All the while, another new character polarized audiences with shades of Jon Bernthal's Shane. Daniel Sharman's Troy Otto certainly wasn't sleeping with anyone's wife, nor was Shane showing any shades of Troy's racism, but both characters appears to have the right ideas about how to survive the new apocalyptic world. Sharman's character polarized fans. Would he kill the Clark family? Would he kill the Native American army? Was he developing a romantic relationship with Madison? All of the questions surrounding his character created a genuinely interesting and unpredictable narrative, prompting viewers to question whether or not they can support his efforts. Better yet, fans who did support Troy, questioned themselves for whether or not that was acceptable!
Among the returning characters, each gained significant traction among fans for a key reason: acceptable growth. Nick Clark's journey made sense. Alicia Clark evolved from a scared high school student into a post-apocalyptic warrior. Ofelia Salazar attempted to do the same, becoming a fan-favorite character packing an epic twist upon her return only to be claimed by the classic Walking Dead bite fate. Victor Strand was as flashy as ever while manipulating and conning his way toward survival. Daniel Salazar all but became the Hispanic John Wick. Jeremiah Otto stood out as a figure or dangerous power in need of dethroning. Every single character was fun to watch, root for or against, and follow in their survival efforts.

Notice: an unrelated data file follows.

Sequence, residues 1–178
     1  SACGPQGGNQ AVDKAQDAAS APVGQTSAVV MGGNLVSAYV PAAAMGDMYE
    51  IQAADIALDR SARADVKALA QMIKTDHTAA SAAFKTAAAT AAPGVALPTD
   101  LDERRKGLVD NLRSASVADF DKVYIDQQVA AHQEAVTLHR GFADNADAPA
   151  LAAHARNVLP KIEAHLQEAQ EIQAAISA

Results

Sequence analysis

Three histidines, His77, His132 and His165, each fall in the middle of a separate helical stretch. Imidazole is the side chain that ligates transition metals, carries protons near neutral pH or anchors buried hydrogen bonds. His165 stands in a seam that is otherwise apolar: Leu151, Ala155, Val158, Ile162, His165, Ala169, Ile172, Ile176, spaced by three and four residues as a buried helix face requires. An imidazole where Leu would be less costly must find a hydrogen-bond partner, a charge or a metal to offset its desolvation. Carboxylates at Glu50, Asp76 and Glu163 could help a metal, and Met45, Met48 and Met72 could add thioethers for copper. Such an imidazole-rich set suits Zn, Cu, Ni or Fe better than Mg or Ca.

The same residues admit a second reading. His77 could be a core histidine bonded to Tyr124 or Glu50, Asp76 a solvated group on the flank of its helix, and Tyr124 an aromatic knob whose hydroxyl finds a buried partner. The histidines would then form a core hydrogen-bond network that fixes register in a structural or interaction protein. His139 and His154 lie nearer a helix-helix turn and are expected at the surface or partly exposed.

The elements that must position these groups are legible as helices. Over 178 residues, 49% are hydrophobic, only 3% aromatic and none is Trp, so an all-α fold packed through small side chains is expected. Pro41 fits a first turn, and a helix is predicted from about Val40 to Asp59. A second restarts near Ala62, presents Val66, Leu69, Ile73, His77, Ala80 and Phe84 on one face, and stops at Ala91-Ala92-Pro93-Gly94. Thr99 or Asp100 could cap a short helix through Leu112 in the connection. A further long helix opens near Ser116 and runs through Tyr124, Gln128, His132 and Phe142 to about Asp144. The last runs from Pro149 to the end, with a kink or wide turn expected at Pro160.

None of the show's moments stand above Alycia Debnam-Carey's moment in the sun when her character was forced to rescue the surviving members of the Broke Jaw Ranch community. The actress known otherwise for her role on The 100 put her acting chops on display when Alicia made the difficult decision of putting down those who had been bitten and barely made it out of the Broke Jaw bunker herself.
Fear the Walking Dead took risks in its third season and killing Travis was hardly one of them. The show aired the first entirely Spanish episode early on, marking one of the best single episodes of either Walking Dead series.
Furthermore, Fear the Walking Dead may have one distinct advantage over The Walking Dead, allowing for some moment to be more exciting. Those watching the sibling series have no certain expectations while the flagship series is often accurately based on Robert Kirkman's source material. Each new moment and episode in Season 3 was packed with unpredictable turns, emotional character-driven moments, and thrilling climaxes.
"If I'm being completely candid," Fear Season 3 showrunner Erickson told ComicBook.com, "Season one was season one. It was six episodes. We were trying to edge up toward the moment close to where [The Walking Dead's] Rick [Grimes] was gonna be coming out of his coma. Just in terms of timeline, you know, so there was a lot of story to bite off, and we needed to be somewhat ambitious and accelerate, and that's why we had a time cut between episode three and four. That really dictated the narrative to a certain degree." The rest of the cast agree with Erickson's sentiments and have thus given their leader proper credit.
All things considered, Fear the Walking Dead wins the title of best zombie show in 2017. The series is one of the most exciting shows of the year, featured brilliant writing, well-directed episodes, and brave risks which ultimately paid off. In fact, Fear the Walking Dead's most recent season is an absolute marvel when compared to its previous season.